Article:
Canopy of the fallen tree

Taking a chainsaw to my green ideals

When we moved here, I knew we would need a chainsaw.  We had so many trees, and our heating comes from a wood-burning fire.  In my mind, I could see that after a high wind, it was inevitable we would need to clean up fallen branches, and I knew there were some dead trees which needed to be removed – one of which is close to the house and poses a potential hazard if it falls the wrong way.   I didn’t imagine cutting down large, healthy, beautifully-formed  eucalypts, yet this is what we had to do last weekend.  Three healthy trees had to be removed to make way for a new boundary fence.

It all started with a couple of minor intrusions onto our property. One from a human, and two from dogs.  We noticed that the front fence only consisted of a single strand of wire, which in places could be rolled back to form gaps wide enough to drive a vehicle through.  As we are also contemplating having one or two grazing animals in the future, it made sense to replace this with a full strength ringlock fence – something strong enough to contain livestock if we do go down that path.  Unfortunately, the three trees were right on the fenceline.

The fenceline runs right through the middle of this tree.
The fenceline runs right through the middle of this tree.

Inexperienced at these things, I asked why we couldn’t put a solid post on both sides of each tree, and leave them there.  Of course the answer to that is related to safety.  The posts would have to be driven right through the root system, potentially making the trees unstable and even dangerous. Also, livestock may be able to shift the posts and squeeze through the gaps.   I took a deep breath and accepted that for the fence to be tensioned correctly, and to retain livestock, the trees would need to come down.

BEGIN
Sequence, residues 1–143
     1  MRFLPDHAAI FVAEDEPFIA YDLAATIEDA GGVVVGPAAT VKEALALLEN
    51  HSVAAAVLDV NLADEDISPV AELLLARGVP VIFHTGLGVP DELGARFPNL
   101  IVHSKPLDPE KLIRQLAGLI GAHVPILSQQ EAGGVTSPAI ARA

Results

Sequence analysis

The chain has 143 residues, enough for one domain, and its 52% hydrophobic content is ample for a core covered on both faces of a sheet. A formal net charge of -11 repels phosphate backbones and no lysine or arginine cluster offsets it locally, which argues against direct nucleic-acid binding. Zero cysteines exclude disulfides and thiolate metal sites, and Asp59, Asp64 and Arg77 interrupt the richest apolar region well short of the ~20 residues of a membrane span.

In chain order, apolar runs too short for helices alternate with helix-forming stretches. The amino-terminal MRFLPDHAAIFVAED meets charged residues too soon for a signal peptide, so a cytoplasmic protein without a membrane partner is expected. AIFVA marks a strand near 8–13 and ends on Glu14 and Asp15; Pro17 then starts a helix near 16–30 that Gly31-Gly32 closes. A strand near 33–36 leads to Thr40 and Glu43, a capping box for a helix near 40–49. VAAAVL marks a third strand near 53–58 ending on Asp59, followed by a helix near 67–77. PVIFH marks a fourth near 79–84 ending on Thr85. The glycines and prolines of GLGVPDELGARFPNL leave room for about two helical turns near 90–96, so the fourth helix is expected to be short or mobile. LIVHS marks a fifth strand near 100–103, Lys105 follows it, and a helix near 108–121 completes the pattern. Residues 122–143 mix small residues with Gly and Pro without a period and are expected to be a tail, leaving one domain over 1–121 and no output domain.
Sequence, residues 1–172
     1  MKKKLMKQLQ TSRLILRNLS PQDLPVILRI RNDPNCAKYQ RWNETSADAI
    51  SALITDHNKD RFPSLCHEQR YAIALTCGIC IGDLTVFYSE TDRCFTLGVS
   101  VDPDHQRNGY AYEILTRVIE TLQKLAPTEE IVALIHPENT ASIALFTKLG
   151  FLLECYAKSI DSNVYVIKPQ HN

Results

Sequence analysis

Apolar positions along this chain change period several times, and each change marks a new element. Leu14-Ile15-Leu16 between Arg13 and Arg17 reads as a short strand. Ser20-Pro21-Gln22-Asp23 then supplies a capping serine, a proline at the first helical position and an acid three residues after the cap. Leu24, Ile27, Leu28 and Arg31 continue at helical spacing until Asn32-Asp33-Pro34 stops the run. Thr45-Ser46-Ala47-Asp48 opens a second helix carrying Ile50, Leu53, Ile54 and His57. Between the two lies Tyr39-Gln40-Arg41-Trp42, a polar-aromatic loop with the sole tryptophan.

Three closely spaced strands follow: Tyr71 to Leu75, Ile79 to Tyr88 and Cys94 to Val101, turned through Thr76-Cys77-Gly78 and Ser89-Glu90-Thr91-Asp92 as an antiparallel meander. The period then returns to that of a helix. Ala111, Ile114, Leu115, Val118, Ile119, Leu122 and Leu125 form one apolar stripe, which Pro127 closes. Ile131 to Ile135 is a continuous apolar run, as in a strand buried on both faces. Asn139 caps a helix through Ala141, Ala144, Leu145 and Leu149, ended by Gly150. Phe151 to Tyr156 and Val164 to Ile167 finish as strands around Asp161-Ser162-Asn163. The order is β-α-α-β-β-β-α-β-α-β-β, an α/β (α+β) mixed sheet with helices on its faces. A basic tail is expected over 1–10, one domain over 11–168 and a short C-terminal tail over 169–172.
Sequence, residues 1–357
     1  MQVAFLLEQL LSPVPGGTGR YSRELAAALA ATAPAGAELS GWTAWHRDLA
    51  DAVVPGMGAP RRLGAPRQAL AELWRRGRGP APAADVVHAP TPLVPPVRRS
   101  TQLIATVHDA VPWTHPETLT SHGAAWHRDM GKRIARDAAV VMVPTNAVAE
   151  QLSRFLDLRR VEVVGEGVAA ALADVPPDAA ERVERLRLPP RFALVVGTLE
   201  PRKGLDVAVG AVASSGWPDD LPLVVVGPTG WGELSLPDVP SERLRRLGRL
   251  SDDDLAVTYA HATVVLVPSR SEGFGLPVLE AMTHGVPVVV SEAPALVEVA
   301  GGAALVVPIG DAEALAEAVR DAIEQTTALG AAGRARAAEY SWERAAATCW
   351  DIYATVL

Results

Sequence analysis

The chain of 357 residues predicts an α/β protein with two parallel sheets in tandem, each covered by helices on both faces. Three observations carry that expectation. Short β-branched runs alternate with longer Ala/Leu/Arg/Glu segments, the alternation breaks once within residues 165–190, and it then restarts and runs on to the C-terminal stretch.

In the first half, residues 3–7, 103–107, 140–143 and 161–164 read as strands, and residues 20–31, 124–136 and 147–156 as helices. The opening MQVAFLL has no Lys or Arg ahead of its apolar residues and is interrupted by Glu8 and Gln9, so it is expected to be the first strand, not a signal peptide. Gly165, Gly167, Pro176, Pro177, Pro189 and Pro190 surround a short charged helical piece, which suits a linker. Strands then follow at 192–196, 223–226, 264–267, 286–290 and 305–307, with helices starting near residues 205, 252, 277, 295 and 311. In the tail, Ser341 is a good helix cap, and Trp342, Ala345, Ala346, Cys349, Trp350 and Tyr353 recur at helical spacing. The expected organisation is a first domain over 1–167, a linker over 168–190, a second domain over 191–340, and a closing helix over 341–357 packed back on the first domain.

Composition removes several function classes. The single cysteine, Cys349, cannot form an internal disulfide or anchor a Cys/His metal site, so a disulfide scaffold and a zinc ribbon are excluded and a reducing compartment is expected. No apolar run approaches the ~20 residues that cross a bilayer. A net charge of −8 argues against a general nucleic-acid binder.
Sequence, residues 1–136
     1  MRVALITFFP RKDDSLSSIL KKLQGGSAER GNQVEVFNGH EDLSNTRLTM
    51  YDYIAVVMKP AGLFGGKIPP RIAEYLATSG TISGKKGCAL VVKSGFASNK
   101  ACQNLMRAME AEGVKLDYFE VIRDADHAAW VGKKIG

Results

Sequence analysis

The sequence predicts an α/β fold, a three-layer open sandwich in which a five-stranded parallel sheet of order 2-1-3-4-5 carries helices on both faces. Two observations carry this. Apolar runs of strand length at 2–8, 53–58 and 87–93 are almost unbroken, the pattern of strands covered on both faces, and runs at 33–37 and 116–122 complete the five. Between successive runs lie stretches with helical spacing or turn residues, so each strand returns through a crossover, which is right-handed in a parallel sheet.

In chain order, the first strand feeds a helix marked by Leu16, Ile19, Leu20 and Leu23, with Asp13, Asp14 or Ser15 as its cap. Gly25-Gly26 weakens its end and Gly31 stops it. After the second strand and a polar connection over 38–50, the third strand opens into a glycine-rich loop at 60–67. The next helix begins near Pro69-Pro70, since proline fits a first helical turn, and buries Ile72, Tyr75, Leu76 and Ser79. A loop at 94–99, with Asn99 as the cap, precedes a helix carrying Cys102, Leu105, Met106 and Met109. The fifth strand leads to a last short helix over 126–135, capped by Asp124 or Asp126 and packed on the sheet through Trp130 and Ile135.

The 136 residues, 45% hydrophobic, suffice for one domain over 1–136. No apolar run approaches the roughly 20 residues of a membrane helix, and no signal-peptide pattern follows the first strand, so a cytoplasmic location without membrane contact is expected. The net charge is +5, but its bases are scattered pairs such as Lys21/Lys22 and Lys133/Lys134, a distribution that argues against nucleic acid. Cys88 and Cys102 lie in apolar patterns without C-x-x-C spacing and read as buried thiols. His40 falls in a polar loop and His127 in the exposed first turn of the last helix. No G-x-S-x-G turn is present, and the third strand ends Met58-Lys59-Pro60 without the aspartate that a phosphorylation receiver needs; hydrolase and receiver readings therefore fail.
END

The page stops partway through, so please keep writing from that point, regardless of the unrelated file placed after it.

All of this sparks a series of questions about sustainability. renewable resources, and the uncalculated value of the trees that were felled.  Sure. we can plant new trees to replace the ones we cut down (and we will do that)  but think about how many years will pass before our trees will reach maturity.   In the meantime we will cut the felled trees into firewood sized segments, pile these up to dry over Summer so we can burn the wood next Winter.  In one year, these beautiful trees will be completely gone, while the ones we have planted will still be slender saplings.   It makes me realise that living sustainability means more than just replacing what has been felled.   It has to include economic calculations that take into account the time, water, nutrients and care taken to develop young saplings into full mature trees.  If we understood this value, would we still be using a wood-fired stove?  The obvious rejoinder is that at least trees can be grown; can be sustainably managed if people invest into such ventures – but what a long time to wait for the investment to mature!

There is something about a wood fire that is so comforting, so warming – it’s unlike any other heating I have experienced, and I would be reluctant to give it up.  The wood we use is from our land. No trucks are needed to get it here, and we don’t end up with a bill in the mail, but I’m sure it is not entirely free either.  As I sit by my fire, I will have a deeper appreciaton of the logs I keep feeding it.

Here are some photos of the tree-felling:

The first tree being felled.
The first tree being felled.
Two trees on the ground.
Two of the felled trees lay on the ground.

Canopy of the fallen tree
Each of the trees fell where intended, and did not harm any of the surrounding trees.

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